The Washington Post!
One of the reasons my live radio broadcasts were silenced
on WFAX was my outspoken exposure of the "misconduct" of the Neocon
Jews and their war against Iraq on behalf of Israel. In today's Washington Post Harold Meyerson says it more
accurately and more eloquently than I ever did!
For Neocons, the Irony of Iraq
In the beginning, neoconservatism was a movement of onetime
liberals enraged at the wave of violence and disorder that overtook the cities
in the 1960s. Riots convulsed urban America in that stormy decade, crime rates
soared, student radicals seized campuses. How could anyone see all this, the
first generation of neocons inquired, and still remain a liberal?
For it was all the liberals' fault. Wafted along by their
vaporous good intentions, indifferent to any unintended consequences those
intentions might engender, wrapped up in their dizzy notions of the
perfectibility of humankind, the liberals (at least, as the neos Caricatured
them) crafted criminal codes devoid of punishment, welfare programs requiring
no work. In the world the liberals made, civic order took a back seat to
individual rights, and as order vanished, the urban middle clas3 vanished with
it, abandoning once-vibrant neighborhoods for the safety of the suburbs. A neoconservative,
the movement's founding father, Irving Kristol, famously observed, was a
liberal who'd been mugged by reality. While liberals dithered, neoconservatives
argued first and foremost for more cops.
Fast-forward four decades and we've come full circle. The
neocons have refocused their attention on foreign policy and, in championing
the Iraq war, have come to embody
everything they once mocked and despised in '60s liberals.
Bolsheviks in the cause of their vaporous intentions, so
bent on ignoring reality that they dismissed and suppressed all intelligence
that prophesied the bloody complexities of the post-Hussein landscape, they
conjured from nowhere and guaranteed the world an idealized postwar Iraq.
The sharpest irony was their stunning indifference to the
need for civic order. When the Army chief of staff, Gen. Eric Shinseki, said
that the occupation would require many hundreds of thousands of troops to
establish and maintain the peace, he was publicly rebuked by Deputy Defense
Secretary Paul Wolfowitz, the administration's foremost, neocon, and quickly
put out to pasture. When the first U.S. official to take charge in
post-invasion-Iraq, Jay Garner, called for a massive effort to train Iraq's
police and restore order, he was summarily dismissed. When looting far more
widespread than anything the United States had ever known swept Iraq's cities
after Hussein's fall, Don Rumsfeld shrugged and said, "Stuff happens"
a two-word death sentence for the possibility of a livable Iraq.
And now, just as middle-class Americans fled the cities in
the wake of urban disorder, so middle-class Iraqis are fleeing, too not just
the cities but the nation. In a signally important and devastating dispatch
from Baghdad that ran in last Friday's New York Times, correspondent Sabrina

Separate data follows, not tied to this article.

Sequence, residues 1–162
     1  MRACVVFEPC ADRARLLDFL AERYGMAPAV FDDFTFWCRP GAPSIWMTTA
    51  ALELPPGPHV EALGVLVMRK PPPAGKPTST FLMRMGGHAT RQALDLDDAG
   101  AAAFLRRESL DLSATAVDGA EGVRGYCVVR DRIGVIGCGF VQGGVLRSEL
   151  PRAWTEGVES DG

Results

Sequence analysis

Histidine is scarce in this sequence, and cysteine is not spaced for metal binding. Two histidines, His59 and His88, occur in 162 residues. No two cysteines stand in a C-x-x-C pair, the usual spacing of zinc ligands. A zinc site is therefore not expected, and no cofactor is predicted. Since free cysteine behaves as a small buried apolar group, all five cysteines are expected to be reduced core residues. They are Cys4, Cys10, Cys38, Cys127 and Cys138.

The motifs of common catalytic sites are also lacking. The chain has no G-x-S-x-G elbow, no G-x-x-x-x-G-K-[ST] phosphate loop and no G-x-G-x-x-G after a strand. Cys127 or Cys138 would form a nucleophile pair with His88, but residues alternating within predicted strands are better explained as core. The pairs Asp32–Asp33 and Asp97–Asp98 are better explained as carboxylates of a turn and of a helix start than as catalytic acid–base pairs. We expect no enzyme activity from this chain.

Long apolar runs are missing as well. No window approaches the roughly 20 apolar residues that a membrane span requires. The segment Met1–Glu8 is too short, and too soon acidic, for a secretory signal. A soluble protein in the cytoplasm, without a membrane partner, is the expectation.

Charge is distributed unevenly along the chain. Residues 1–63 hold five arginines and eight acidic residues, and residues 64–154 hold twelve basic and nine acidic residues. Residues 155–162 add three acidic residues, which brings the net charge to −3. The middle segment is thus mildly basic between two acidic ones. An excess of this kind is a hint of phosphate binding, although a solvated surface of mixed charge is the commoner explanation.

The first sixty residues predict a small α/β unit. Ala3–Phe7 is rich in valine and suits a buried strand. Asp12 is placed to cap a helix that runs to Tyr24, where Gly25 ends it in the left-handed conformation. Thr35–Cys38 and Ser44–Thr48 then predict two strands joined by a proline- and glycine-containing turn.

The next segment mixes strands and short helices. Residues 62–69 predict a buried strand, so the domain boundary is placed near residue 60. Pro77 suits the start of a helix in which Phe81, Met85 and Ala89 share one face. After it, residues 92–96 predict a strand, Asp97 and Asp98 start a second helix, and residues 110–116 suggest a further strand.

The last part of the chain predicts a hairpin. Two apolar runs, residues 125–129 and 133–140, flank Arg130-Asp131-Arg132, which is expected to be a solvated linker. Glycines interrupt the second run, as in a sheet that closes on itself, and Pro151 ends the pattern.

Tavernise reports that fully 7 percent of the country's population, and an
estimated quarter of the nation's middle class, has been issued passports in
the past 10 months alone. Tavernise documents the sectarian savagery that is directed
at the world of Iraqi professionals the murders in their offices, their
neighborhood stores, their children's schools, their homes and that has
already turned a number of Baghdad's once-thriving upscale neighborhoods into
Slaughter is the order of the day, and the police are
nowhere to be found. "I have no protection from my government,"
Monkath Abdul Razzaq, a middle-class Sunni who has decided to emigrate, told
Tavernise. "Anyone can come into my house, take me, kill me, and throw me
into the trash."
Irving Kristol initiated neoconservatism at least partly in
revulsion at the disorder of John Lindsay's New York. Now his son William
Kristol, editor of the Weekly Standard and the single leading proponent (going
back to the mid-1990s) of invading Iraq, has helped convert neoconservatism
into a source of a disorder infinitely more violent than anything that once
disquieted his dad.
To do so, he and his fellow war proponents ignored all
credible information on the actual Iraq and promised an Eden more improbable
than anything that '60s liberals ever imagined. "There's been a certain
amount of pop sociology in America," he told National Public Radio
listeners in the war's opening weeks, "that the Shia can't get along with
the Sunni and the Shia in Iraq want to establish some kind of Islamic
fundamentalist regime. There's been almost no evidence of that at all," he
continued. "Iraq's always been very secular."
He wasn't entirely wrong. Iraqi professionals were
disproportionately secular. Now they are packing up their secularism and taking
it to other lands. The war, and the failure to establish order that led to the
barbarism that's driving Iraqis away, can't be laid solely on the neocons'
doorstep, of course. These second-generation neos needed a trio of arrogant,
onetime CEOs Bush, Cheney, Rumsfeld to actualize their vision. But
actualize it they did, and the ideologues whose, forebears once argued that the
drugged-out Bronx was a monument to liberal folly have now made blood-drenched
and depopulating Baghdad the monument to their own neocon obsessions.